Chen, Zejun; Han, Huiquan; Ren, Wei; Huang, Guangjie

    2015-01-01

    On-line spray water cooling (OSWC) of electric-resistance-welded (ERW) steel pipes can replace the conventional off-line heat treatment process and become an important and critical procedure. The OSWC process improves production efficiency, decreases costs, and enhances the mechanical properties of ERW steel pipe, especially the impact properties of the weld joint. In this paper, an annular OSWC process is investigated based on an experimental simulation platform that can obtain precise real-time measurements of the temperature of the pipe, the water pressure and flux, etc. The effects of the modes of annular spray water cooling and related cooling parameters on the mechanical properties of the pipe are investigated. The temperature evolutions of the inner and outer walls of the pipe are measured during the spray water cooling process, and the uniformity of mechanical properties along the circumferential and longitudinal directions is investigated. A heat transfer coefficient model of spray water cooling is developed based on measured temperature data in conjunction with simulation using the finite element method. Industrial tests prove the validity of the heat transfer model of a steel pipe undergoing spray water cooling. The research results can provide a basis for the industrial application of the OSWC process in the production of ERW steel pipes. PMID:26201073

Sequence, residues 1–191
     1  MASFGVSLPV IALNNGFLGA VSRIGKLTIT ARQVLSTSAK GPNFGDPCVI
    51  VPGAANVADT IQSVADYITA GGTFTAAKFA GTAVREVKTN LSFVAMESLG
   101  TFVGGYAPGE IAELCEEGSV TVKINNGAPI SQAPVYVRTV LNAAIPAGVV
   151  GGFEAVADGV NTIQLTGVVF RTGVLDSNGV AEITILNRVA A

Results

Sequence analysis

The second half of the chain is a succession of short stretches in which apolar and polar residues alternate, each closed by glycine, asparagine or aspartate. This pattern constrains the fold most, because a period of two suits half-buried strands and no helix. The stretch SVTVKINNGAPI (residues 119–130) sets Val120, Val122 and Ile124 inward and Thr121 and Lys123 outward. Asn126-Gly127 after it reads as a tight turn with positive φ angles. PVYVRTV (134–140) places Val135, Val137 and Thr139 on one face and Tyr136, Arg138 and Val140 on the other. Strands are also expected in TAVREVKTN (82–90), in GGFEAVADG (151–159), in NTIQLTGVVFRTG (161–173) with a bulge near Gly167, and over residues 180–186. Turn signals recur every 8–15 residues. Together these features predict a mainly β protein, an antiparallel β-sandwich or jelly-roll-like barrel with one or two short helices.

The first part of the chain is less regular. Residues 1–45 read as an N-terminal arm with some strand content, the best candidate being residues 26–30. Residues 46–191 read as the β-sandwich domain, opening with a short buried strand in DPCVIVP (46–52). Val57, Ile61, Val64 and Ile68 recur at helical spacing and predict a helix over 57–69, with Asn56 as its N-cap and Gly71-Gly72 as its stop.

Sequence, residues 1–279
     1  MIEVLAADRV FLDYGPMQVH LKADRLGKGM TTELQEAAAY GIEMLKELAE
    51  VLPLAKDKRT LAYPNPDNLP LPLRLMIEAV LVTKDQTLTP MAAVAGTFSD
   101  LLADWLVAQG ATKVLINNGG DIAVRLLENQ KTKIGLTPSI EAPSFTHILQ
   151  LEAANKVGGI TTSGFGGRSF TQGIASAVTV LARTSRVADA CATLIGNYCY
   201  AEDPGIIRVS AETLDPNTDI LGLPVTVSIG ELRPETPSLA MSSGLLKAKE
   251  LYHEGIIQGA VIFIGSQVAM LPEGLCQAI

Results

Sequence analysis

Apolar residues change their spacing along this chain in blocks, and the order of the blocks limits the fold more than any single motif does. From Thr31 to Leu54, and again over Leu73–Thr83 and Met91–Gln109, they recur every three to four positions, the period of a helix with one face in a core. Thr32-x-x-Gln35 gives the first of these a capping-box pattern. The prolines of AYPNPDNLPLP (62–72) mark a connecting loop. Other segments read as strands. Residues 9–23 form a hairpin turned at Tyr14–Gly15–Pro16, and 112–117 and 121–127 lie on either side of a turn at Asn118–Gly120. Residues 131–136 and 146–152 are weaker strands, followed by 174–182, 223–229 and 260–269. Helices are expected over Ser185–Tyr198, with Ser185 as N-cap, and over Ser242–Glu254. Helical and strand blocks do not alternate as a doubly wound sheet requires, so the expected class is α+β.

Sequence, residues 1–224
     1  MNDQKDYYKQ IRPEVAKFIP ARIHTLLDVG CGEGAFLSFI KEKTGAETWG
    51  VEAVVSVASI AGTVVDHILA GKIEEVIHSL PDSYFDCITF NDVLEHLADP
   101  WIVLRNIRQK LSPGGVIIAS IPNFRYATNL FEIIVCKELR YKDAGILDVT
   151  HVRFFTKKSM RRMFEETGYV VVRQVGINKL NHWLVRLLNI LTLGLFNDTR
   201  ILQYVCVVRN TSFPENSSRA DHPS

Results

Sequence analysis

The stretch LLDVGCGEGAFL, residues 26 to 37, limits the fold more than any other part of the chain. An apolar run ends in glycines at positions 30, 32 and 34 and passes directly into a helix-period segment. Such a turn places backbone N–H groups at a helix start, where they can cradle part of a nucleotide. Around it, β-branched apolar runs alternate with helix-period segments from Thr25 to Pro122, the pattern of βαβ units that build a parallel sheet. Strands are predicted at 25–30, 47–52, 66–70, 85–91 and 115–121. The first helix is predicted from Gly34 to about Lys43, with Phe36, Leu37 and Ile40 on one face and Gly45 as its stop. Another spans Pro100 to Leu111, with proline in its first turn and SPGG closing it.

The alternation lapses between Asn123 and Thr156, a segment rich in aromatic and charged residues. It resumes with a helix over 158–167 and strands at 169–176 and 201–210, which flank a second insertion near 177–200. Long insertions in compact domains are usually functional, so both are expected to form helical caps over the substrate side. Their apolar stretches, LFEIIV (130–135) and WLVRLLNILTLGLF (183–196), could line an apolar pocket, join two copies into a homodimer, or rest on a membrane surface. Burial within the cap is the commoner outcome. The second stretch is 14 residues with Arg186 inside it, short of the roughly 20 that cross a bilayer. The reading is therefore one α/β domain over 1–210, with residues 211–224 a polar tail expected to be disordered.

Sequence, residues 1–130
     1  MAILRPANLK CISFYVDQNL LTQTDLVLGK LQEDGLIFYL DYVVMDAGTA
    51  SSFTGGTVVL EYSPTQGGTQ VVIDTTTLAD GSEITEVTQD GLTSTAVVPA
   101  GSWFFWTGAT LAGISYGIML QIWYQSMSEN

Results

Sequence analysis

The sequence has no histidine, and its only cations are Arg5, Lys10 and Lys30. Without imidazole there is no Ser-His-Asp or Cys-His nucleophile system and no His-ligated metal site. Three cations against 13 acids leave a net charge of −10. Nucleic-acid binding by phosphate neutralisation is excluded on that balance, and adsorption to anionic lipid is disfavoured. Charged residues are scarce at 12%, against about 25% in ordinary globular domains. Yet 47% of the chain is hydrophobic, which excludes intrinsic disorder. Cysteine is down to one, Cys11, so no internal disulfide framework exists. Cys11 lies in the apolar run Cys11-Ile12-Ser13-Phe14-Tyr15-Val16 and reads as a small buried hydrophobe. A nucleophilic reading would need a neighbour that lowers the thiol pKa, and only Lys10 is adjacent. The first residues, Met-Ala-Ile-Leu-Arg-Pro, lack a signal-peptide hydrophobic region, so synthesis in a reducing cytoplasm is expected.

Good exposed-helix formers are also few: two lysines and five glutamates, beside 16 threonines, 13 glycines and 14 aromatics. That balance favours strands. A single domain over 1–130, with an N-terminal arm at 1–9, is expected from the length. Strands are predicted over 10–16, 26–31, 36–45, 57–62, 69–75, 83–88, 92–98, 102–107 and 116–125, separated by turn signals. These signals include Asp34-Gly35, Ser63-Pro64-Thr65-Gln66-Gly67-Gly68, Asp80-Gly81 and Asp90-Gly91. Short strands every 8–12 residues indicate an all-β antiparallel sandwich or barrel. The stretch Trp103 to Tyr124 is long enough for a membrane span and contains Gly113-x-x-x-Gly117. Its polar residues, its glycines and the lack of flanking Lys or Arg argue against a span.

8. 40 CFR 75.81 - Monitoring of Hg mass emissions and heat input at the unit level.

    Science.gov (United States)

    2010-07-01

    ... 40 Protection of Environment 16 2010-07-01 2010-07-01 false Monitoring of Hg mass emissions and... AGENCY (CONTINUED) AIR PROGRAMS (CONTINUED) CONTINUOUS EMISSION MONITORING Hg Mass Emission Provisions § 75.81 Monitoring of Hg mass emissions and heat input at the unit level. The owner or operator of the...

  9. 40 CFR 75.82 - Monitoring of Hg mass emissions and heat input at common and multiple stacks.

    Science.gov (United States)

    2010-07-01

    ... 40 Protection of Environment 16 2010-07-01 2010-07-01 false Monitoring of Hg mass emissions and... PROTECTION AGENCY (CONTINUED) AIR PROGRAMS (CONTINUED) CONTINUOUS EMISSION MONITORING Hg Mass Emission Provisions § 75.82 Monitoring of Hg mass emissions and heat input at common and multiple stacks. (a) Unit...

  10. CRADA Final Report: Weld Predictor App

    Energy Technology Data Exchange (ETDEWEB)

    Billings, Jay Jay [Oak Ridge National Lab. (ORNL), Oak Ridge, TN (United States)

    2018-01-25